• This is similar to what have I thought and it seems like the best option. I just wanted to reach a general consensus whether this is a good solution or not. As far as things go, it seems like only solution. Curious if apps from outside this sphere use the same technique for retaining attention (what method does google use throughout their apps, for example?).
    – Darkkz
    Commented Sep 23, 2019 at 13:31
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    Does the video show only to a user first time he/she is using this app? If not then you must check if user can't make it faster than 15 seconds. Oculus force their users to watch safety video before they can acknowledge the health and safety warnings.
    – Ada
    Commented Sep 23, 2019 at 13:47
  • These screens are somehow mandatory - that means the user will go through them even after 2 months of using the app. There's an idea in which to shorten the flow once a user gets accustomed with on-boarding.. Back to your question, yes, the user will see these screens (and in turn the videos) regardless of how long did he used the app. And yes, there's a chance later on that the user may prepare before hand therefore being ready in less than 15 seconds. That's why I wanted to display that popup only during the user's first 3 onboardings.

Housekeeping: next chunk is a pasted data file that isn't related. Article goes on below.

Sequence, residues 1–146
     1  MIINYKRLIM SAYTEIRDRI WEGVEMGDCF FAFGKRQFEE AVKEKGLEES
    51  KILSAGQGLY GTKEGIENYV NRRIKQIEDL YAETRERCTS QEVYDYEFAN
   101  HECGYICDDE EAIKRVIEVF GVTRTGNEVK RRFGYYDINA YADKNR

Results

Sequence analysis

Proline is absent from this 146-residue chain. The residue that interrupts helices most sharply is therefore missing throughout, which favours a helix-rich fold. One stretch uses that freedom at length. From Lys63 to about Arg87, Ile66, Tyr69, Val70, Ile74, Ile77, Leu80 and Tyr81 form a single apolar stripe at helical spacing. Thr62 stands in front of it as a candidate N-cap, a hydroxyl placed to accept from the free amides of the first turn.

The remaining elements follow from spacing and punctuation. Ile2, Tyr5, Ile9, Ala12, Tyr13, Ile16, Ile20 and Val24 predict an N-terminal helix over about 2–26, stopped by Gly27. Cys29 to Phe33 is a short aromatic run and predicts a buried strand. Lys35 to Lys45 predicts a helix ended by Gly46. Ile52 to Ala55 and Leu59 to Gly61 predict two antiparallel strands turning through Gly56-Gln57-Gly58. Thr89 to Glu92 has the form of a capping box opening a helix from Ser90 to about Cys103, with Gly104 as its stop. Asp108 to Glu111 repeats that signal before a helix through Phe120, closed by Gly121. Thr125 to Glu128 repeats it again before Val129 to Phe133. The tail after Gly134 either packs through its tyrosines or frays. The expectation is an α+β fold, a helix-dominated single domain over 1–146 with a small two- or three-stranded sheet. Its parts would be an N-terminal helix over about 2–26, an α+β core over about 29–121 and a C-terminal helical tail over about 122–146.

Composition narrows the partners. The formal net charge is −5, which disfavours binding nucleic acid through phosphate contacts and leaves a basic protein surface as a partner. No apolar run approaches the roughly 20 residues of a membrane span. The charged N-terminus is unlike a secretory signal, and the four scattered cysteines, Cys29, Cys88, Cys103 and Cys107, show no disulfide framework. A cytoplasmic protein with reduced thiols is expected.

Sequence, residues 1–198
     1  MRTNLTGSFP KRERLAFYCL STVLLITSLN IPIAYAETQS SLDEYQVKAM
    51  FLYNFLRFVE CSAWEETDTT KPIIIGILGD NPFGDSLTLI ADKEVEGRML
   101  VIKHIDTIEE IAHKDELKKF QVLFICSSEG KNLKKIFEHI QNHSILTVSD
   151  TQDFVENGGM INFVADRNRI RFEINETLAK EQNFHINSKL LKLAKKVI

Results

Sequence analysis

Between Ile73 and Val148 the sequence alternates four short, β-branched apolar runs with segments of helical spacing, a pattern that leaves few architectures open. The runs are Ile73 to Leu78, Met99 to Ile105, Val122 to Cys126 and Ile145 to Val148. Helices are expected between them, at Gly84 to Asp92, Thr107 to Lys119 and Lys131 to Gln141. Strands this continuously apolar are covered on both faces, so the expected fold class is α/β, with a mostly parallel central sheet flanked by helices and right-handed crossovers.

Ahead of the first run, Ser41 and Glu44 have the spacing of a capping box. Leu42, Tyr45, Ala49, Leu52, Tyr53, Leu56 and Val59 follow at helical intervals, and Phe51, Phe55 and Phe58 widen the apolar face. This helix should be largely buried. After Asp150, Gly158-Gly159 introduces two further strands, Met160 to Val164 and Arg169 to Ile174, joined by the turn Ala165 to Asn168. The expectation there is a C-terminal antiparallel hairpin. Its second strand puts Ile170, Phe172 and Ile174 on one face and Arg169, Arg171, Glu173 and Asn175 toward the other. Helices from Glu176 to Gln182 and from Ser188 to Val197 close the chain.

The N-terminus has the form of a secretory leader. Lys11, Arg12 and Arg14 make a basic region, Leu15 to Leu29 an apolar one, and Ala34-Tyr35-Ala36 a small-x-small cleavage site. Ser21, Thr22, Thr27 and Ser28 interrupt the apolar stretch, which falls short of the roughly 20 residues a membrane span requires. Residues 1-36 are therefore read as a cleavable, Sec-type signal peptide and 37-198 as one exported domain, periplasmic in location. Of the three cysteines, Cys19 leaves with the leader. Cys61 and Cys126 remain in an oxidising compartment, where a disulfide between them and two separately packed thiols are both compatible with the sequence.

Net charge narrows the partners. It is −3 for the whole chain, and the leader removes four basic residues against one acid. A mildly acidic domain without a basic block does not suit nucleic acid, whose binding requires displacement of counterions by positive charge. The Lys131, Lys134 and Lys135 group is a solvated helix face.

– Darkkz
    Commented Sep 25, 2019 at 8:41

Provide two (equal-weight) buttons: "Straps fitted OK" and "Show me how". Then you have no tempting "Next" button and new users are made aware that the video is relevant.

  • 1
    A very interesting approach that I have not considered. While two buttons seems like a good idea — because it presents the user a choice and it stops him from race-pressing next — in the example displayed in the initial post we explain to the user from the get go how to complete the action he is facing (i.e. how to strand the straps of the sensor). The green box called video in the example, that's what it does, hosts a video in which the user can see what he's supposed to do. I feel like adding a "show me how" hits redundancy with the video already being displayed.
    – Darkkz
    Commented Sep 25, 2019 at 8:36

If at all possible see if the sensors can send back a feedback when it is attached to the body, and that prompts the next automatically. This is the same as entering your credit details on purchase where you don't have to prompt next when you've finished typing the 16 digit card number and it automatically goes to the Expiry date or CVV Number.

If you were to disable a button, I would suggest check the average time a user takes to put on the sensor and then make it visually clear that its ready to take the user to the next step, but make sure you do indicate to why it is disabled as it would be visually unclear that why as a user who takes less time to put on the sensors waiting for the Next to be enabled after X amount of time.

  • While definitely this is the best approach, we do not support body proximity sensors on the sensors. At least not in this version of hardware. This have to be solved strictly from a design point of view.
    – Darkkz
    Commented Sep 25, 2019 at 8:32